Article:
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Mother of fallen soldier petitions against funeral protesters

BY KATIE HEINE | MARCH 29, 2011 7:20 AM

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Protesters gathered outside the 2006 funeral of Patty Sourivong’s 20-year-old son, an Iowa City West High graduate who was killed in Iraq, including members of the controversial Westboro Baptist Church.

Though the Iowa City mother of three never had to see the protesters herself, she’s now working to make sure no other family has to experience their demonstrations.

Sourivong is collecting signatures in hopes of overturning a recent U.S. Supreme Court ruling allowing protests at military funerals. Justices ruled 8-1 earlier this month in Snyder v. Phelps to allow protests; the case stemmed from a funeral at which Westboro members also protested.

“I’m not trying to change the First Amendment, because I still agree with that,” said Sourivong, sitting in her home near a bouquet of flowers sent by a supporter. “But I feel the families have a right to grieve in peace.”

Though roughly 550 people had signed the petition as of Monday, local experts said the chances of overturning the Supreme Court decision are slim to none.



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University of Iowa Associate Professor Lyombe Eko, a free-speech expert in the School of Journalism and Mass Communication, said public opinion has no influence on the Supreme Court’s “expected” decision, because it has already passed the highest legal authority.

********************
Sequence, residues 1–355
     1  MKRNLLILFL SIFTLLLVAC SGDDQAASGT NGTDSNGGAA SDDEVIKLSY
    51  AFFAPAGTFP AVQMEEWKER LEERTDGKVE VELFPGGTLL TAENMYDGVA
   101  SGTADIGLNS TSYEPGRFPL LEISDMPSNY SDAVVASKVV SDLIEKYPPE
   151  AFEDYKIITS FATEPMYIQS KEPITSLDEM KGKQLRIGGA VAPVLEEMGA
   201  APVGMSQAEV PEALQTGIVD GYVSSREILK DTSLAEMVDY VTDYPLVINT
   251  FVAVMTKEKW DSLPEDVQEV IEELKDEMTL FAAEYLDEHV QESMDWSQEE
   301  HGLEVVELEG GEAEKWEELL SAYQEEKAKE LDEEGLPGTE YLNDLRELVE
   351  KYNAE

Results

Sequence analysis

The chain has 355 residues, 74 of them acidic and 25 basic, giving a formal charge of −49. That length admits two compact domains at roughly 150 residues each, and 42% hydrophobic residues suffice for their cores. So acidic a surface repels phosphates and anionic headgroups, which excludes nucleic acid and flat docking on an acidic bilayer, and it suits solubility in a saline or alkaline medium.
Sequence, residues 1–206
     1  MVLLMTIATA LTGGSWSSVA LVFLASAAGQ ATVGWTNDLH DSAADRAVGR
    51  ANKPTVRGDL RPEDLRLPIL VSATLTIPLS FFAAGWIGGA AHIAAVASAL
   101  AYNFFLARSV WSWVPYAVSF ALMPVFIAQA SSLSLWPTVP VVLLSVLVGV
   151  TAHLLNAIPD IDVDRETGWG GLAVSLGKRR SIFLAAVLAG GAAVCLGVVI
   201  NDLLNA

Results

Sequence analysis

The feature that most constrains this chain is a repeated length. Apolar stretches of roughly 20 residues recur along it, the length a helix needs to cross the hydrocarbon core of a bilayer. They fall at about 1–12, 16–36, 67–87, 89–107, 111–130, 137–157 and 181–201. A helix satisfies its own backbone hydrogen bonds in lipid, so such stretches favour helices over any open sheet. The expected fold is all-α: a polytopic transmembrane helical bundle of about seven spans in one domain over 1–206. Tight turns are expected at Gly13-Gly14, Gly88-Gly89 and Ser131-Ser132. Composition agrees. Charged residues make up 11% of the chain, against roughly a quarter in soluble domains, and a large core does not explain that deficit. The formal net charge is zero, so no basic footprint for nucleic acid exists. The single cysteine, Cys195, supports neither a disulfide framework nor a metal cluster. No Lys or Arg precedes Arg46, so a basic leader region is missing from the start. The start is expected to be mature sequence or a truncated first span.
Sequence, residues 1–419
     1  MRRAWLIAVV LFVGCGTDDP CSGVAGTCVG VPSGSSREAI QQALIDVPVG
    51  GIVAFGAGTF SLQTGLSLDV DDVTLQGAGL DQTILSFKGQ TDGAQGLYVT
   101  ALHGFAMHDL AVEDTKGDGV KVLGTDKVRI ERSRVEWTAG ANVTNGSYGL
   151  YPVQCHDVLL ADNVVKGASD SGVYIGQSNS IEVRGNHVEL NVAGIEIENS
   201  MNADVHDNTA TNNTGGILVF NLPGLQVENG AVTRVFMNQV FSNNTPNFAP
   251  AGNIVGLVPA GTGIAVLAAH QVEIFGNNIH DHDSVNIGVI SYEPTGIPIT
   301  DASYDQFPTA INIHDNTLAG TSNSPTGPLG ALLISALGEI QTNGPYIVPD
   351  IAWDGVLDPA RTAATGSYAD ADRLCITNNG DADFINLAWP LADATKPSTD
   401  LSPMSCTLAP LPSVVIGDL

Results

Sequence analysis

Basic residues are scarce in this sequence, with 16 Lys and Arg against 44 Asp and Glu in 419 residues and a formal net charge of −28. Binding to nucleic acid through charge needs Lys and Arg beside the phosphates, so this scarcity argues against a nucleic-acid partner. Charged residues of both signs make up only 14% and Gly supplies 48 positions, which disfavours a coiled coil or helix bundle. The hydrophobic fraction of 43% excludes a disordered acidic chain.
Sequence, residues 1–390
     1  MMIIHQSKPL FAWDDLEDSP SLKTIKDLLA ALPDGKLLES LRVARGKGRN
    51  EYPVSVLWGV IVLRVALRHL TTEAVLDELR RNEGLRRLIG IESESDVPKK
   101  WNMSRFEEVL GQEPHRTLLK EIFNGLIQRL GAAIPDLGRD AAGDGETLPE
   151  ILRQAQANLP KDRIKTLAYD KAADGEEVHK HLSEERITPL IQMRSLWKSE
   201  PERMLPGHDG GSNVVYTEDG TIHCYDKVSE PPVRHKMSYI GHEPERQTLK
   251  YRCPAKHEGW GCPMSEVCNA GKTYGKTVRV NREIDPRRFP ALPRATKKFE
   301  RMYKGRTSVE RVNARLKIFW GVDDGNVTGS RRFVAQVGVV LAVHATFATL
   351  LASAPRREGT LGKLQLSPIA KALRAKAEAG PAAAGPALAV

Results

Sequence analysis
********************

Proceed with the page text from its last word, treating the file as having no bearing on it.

“The rights of the speaker take precedence over the feelings of the listener,” Eko said of American standards.

But Sourivong, who began gathering signatures in mid-March, said she intends to collect names until her petition is seen across the nation. Sourivong said she knows about petitions in South Dakota and California as well.

“It’s going to be tough to change their decision,” said Sourivong. “But someone’s got to try.”

Tim Hagle, a UI political-science associate professor, said any petition is unlikely to influence the Supreme Court, but turning to local legislators is an option.

There is a chance public input could cause local legislators to put something on the ballot, he said.
“Maybe laws will be strengthened or perhaps make it more explicit,” he said.

Sourivong said she plans to send the petition to local lawmakers as well as the U.S. Supreme Court.
After talking with a lawyer, Sourivong started working on a bill that would specifically prevent protesters from attending military funerals and also prohibit them from protesting on cemetery grounds.

“I specify gravesites because … if they make it just for funerals, then these people could come over to my son’s grave right now with their signs,” she said.

For now, Sourivong said, she’s focused on expanding the petition to reach more people. Though her husband would like to submit the signatures by Sept. 30 — the fifth anniversary of their son’s passing — Sourivong said she has no intentions of stopping there.

“I will still keep trying until I’m old and gray and buried in my casket myself,” Sourivong said. “I’m not going to stop until something changes.”


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